About Marla A. White:
Marla White is a story analysis instructor at UCLA and writing coach who lives in Los Angeles. She graduated from the University of Kentucky where she took her first horseback riding lesson. After dabbling in hunters, barrel racing, and weekly trail rides, she fell hopelessly in love with the sport of eventing. She conquered Novice level before taking a break to pursue novel writing but hopes to return to the saddle someday soon. Her first novel, “The Starlight Mint Surprise Murder,” was published in 2021 followed by the first two books in her Keeper Chronicles series. When she’s not writing, she’s out in the garden, hiking, baking, or putting together impossibly difficult puzzles.
What inspires you to write?
Growing up as the youngest of six, I was lucky enough to have a full library of books at home that were discarded by my siblings. I loved disappearing into places and meeting new people through those magical places. It was also a good excuse to get out of doing chores!
When I was in junior high, my history teacher gave us the assignment to write a bio of a person in any part of history. That was my first foray into fiction and I loved it. Plus I got an exuberant "A +++" on my paper which taught me that writing is super easy and a way to get instant gratification, right?
Now that I'm hooked, I'm mostly inspired by the places I visit or people I know. My Keeper Chronicles were inspired by the beauty and mystery of California's Mission Inn. The jumping-off point (pun intended) for my book, "Cause for Elimination," was the time I spent in the equestrian eventing world. My novella "The Starlight Mint Surprise Murder" was inspired by many trips to beautiful Idyllwild and my utter failure at baking the titular cookies.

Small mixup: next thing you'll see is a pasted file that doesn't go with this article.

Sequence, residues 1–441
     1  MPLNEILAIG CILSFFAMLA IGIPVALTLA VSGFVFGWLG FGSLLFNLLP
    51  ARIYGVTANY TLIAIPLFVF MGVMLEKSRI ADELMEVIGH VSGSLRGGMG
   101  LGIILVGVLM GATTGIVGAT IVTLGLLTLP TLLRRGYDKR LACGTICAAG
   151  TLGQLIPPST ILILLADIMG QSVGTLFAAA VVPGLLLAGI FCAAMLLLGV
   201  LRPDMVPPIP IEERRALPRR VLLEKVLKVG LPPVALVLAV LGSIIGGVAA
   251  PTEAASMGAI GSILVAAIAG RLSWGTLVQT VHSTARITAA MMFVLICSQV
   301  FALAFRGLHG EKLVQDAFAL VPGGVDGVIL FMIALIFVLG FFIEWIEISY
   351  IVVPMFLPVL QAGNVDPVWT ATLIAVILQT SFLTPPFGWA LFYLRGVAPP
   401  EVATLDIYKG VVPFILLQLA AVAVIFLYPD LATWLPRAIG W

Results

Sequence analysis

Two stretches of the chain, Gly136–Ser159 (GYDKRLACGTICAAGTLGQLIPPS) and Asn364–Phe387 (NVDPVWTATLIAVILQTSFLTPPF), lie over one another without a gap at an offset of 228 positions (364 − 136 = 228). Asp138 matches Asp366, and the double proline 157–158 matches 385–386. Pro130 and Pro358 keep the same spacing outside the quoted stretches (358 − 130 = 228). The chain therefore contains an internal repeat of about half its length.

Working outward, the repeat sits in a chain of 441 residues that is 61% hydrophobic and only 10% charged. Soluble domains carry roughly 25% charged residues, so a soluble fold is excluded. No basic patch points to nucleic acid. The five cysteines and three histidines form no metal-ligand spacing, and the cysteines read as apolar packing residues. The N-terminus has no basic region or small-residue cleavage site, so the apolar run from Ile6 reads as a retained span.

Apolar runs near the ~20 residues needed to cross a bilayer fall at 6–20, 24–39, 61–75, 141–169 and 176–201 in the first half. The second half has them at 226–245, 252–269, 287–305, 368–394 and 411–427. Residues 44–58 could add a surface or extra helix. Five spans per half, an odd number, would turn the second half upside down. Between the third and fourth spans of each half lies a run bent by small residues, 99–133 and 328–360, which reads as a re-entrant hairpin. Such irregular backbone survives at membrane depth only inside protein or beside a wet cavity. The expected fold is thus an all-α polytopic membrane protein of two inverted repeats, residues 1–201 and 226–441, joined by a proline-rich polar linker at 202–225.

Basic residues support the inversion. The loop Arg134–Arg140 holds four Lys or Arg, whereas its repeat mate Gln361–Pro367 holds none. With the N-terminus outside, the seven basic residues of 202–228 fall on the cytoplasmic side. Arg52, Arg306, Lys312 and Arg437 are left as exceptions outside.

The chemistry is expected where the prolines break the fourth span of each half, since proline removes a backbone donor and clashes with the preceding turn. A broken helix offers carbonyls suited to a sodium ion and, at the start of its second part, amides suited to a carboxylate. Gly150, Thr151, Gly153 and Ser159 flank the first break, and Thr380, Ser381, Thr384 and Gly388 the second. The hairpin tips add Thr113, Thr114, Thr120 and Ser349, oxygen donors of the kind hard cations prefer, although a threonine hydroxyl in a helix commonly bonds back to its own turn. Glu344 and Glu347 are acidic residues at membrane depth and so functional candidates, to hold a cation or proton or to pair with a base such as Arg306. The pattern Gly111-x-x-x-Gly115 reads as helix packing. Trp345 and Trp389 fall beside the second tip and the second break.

What authors do you read when you aren’t writing?
Such a long list! As a kid, anything Walter Farley wrote since I was a horse nut. From there, looking for action and charm I fell in love with Leslie Charteris' "Saint" books. Robert Parker won me over when I discovered how much better his books were than the show, "Spenser For Hire". And of course, the legendary Dick Francis.
My urban fantasy go-to writers are Jim Butcher, Seanan McGuire, the team that is Ilona Andrews, and Neil Gaiman.
Plus my good friend and paranormal romance author CJ Bahr!
Tell us about your writing process.
I'm definitely an outliner but am open to pantsing it when a character demands it. In "Cause for Elimination," my Scottish rider was meant to be in it for a scene or two, but kept loudly insisting he deserved a bigger role!
I'm not a gadget person so I write using good old Word. Occasionally I'll scribble out a visual sort-of Venn diagram to see if characters are interacting enough. Coming from a TV background, I will sometimes color code characters or storylines to make sure I haven't lost track of anyone. I'm thinking of going all out index-cards-on-the-wall for the next book, but mine aren't George RR complicated so I haven't needed to do that yet!
I create character sketches after I start writing. When I first start thinking about a story, I might have one or two actual people in mind and fill the rest in later. For instance, if you're a fan Doctor Who when you read "The Angel by The Tower" it's not accidental that Gabriel might remind you of the 10th Doctor.
Once I start rolling along and characters form in my head, I write down things like eye color, hair color, and height to be sure I stay consistent. Their looks are less ingrained in my head than their actions. Gabriel always rushes in first and asks questions later, so I don't need to write that down.
For Fiction Writers: Do you listen (or talk to) to your characters?